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|Título :||Structure of the Plumbing System at Tungurahua Volcano, Ecuador: Insights from Phase Equilibrium Experiments on July–August 2006 Eruption Products|
|Autor :||Molina Polania, Claudia Indira|
|Fecha de publicación :||2017|
|Citación :||Andújar, J., Martel, C., Pichavant, M., et al. (2017). Structure of the Plumbing System at Tungurahua Volcano, Ecuador: Insights from Phase Equilibrium Experiments on July–August 2006 Eruption Products. Journal of Petrology. Volume 58, Issue 7. pp.1249–1278|
|Resumen :||Understanding the plumbing system structure below volcanoes and the storage conditions (temperature, pressure, volatile content and oxygen fugacity) of erupted magmas is of paramount importance for eruption forecasting and understanding of the factors controlling eruptive dynamics. Phase equilibria experiments have been performed on a Tungurahua andesite (Ecuador) to shed light on the magmatic conditions that led to the July–August 2006 eruptions and the parameters that controlled the eruptive dynamics. Crystallization experiments were performed on a representative August 2006 mafic andesite product between 950 and 1025°C, at 100, 200 and 400 MPa and NNO + 1 and NNO + 2 (where NNO is nickel–nickel oxide buffer), and water mole fractions in the fluid (XH2O) from 0·3 to 1 (water-saturation). Comparison of the natural phenocryst assemblage, proportions and phenocryst compositions with our experimental data indicates that the natural andesite experienced two levels of ponding prior to the eruption. During the first step, the magma was stored at 400 MPa (15–16 km), 1000°C, and contained c. 6 wt % dissolved H2O. In the second step, the magma rose to a confining pressure of 200 MPa (8–10 km), where subsequent cooling (to 975°C) and water-degassing of the magma led to the crystallization of reversely zoned rims on pre-existing phenocrysts. The combination of these processes induced oxidation of the system and overpressure of the reservoir, triggering the July 2006 eruption. The injection of a new, hot, volatile-rich andesitic magma from 15–16 km into the 200 MPa reservoir shortly before the eruption was responsible for the August 2006 explosive event. Our results highlight the complexity of the Tungurahua plumbing system in which different magmatic reservoirs can coexist and interact in time and are the main controlling factors of the eruptive dynamics.|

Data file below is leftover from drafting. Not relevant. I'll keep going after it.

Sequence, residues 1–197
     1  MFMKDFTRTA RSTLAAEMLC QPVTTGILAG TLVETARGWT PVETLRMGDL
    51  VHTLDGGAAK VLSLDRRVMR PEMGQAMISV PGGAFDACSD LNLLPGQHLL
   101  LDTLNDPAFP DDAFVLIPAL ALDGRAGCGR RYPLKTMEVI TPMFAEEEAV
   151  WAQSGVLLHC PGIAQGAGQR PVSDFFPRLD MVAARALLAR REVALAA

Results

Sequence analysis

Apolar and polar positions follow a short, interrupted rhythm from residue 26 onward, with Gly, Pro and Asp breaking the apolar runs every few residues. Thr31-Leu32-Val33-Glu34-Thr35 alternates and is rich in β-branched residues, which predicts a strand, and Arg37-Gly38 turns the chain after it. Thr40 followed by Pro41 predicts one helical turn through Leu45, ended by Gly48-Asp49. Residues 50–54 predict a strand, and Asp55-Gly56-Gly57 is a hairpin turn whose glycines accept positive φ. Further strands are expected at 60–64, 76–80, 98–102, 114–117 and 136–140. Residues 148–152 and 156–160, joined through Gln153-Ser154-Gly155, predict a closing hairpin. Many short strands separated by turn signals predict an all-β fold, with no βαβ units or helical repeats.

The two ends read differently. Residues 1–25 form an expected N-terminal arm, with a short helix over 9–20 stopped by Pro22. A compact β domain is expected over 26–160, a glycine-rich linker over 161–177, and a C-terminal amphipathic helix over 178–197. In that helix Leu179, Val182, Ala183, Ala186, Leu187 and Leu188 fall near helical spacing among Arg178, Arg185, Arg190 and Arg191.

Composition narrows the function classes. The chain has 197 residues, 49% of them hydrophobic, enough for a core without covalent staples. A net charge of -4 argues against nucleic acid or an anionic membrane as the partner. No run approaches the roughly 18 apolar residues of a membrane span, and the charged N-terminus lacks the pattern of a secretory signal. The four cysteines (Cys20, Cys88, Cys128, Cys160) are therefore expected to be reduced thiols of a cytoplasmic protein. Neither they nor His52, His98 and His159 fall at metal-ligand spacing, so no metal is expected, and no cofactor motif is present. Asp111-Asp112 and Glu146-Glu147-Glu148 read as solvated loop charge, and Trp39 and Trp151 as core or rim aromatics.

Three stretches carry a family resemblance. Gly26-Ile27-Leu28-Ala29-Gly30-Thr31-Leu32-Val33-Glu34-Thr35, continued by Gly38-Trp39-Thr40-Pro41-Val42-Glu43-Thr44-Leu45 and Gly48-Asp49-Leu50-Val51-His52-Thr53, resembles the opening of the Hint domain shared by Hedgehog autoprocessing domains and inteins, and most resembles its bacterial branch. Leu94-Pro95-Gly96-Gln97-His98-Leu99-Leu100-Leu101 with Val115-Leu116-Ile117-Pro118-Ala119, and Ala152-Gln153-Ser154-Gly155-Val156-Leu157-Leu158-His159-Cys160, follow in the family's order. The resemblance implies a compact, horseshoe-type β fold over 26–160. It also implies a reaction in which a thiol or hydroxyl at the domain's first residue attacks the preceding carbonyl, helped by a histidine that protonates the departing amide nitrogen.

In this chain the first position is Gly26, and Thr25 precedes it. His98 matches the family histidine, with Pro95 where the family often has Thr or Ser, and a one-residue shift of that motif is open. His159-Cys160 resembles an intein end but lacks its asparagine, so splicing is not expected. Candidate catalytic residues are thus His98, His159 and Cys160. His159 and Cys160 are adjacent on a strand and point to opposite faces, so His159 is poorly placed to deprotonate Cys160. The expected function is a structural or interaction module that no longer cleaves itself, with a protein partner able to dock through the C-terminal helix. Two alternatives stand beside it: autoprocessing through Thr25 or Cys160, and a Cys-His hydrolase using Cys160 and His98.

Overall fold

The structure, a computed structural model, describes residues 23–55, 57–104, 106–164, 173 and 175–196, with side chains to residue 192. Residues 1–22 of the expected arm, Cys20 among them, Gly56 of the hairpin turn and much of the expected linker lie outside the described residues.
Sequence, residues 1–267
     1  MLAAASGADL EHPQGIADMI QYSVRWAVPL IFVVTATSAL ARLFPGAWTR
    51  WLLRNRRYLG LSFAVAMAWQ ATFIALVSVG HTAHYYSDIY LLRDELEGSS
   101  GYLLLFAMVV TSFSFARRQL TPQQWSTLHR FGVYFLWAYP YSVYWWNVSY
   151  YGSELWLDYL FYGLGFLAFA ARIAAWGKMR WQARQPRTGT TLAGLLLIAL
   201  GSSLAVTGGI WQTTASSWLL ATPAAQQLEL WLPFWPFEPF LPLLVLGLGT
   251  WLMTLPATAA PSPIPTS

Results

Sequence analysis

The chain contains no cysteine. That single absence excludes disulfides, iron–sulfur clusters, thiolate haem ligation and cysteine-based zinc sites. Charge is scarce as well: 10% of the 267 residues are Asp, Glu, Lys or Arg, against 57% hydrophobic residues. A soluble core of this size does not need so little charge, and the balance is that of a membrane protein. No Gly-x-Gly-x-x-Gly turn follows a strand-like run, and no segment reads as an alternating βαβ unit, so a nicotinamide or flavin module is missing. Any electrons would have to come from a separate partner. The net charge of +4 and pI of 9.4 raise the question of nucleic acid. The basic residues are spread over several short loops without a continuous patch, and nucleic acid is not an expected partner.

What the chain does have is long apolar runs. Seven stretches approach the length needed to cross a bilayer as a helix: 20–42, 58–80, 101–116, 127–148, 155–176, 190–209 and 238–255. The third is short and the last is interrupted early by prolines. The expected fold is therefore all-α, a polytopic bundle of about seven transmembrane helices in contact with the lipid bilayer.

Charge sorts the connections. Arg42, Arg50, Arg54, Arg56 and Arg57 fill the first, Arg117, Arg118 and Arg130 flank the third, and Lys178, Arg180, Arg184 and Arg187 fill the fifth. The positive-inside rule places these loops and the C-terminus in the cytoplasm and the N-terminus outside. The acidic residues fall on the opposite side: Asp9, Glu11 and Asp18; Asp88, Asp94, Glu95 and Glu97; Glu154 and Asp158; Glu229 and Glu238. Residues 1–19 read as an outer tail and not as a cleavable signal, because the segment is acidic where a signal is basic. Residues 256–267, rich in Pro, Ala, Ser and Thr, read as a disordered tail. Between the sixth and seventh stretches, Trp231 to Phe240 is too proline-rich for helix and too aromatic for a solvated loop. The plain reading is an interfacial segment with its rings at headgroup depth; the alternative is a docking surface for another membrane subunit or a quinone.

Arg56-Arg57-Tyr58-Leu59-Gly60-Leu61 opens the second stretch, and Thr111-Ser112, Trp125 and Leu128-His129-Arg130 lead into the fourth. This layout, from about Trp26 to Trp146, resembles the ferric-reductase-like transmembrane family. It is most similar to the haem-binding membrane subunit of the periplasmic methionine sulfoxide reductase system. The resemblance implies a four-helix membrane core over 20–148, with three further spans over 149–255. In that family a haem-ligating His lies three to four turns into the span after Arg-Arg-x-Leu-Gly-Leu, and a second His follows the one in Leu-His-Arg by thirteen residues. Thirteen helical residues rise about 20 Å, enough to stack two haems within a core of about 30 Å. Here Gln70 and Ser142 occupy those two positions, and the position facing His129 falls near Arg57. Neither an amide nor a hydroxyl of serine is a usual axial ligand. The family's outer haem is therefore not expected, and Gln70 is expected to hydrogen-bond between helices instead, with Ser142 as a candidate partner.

|Aparece en las colecciones:||Proyecto Prometeo|
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